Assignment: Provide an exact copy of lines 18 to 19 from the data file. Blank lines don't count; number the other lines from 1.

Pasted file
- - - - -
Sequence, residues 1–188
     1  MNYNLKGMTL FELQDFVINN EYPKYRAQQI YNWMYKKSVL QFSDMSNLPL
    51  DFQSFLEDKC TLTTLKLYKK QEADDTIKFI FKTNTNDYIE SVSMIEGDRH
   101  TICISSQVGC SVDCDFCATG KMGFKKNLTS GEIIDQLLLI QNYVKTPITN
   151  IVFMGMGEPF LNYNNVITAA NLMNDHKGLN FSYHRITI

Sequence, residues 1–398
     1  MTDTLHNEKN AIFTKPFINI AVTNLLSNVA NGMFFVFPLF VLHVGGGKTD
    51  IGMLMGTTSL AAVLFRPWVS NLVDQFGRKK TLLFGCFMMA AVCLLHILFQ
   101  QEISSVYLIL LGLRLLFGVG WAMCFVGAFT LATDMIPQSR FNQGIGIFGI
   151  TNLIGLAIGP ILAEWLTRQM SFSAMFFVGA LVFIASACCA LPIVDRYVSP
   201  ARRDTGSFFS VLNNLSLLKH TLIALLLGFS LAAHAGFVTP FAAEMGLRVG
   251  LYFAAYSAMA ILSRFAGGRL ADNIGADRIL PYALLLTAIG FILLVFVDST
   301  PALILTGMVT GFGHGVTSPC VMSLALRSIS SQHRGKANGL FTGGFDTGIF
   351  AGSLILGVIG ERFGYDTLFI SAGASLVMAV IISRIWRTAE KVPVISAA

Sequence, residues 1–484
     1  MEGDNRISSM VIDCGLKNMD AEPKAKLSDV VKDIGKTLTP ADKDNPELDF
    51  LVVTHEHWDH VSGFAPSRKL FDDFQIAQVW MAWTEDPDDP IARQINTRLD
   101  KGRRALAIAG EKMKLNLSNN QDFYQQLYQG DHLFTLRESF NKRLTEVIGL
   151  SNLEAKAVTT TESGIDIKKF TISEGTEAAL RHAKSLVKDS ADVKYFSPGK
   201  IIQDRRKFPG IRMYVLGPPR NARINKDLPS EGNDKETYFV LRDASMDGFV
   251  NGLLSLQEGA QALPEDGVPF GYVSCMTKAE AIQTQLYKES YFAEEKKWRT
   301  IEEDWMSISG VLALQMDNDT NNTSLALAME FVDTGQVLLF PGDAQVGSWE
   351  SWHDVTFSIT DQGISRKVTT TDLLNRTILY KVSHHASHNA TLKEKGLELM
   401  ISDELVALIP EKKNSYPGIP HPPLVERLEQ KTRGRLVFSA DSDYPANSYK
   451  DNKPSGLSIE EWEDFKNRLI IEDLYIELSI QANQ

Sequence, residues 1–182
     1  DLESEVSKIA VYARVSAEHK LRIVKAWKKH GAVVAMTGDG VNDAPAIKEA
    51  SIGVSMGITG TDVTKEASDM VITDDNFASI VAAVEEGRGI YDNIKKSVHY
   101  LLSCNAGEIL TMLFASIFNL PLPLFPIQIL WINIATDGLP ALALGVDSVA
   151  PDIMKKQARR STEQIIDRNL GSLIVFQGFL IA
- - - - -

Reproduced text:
   101  KGRRALAIAG EKMKLNLSNN QDFYQQLYQG DHLFTLRESF NKRLTEVIGL
   151  SNLEAKAVTT TESGIDIKKF TISEGTEAAL RHAKSLVKDS ADVKYFSPGK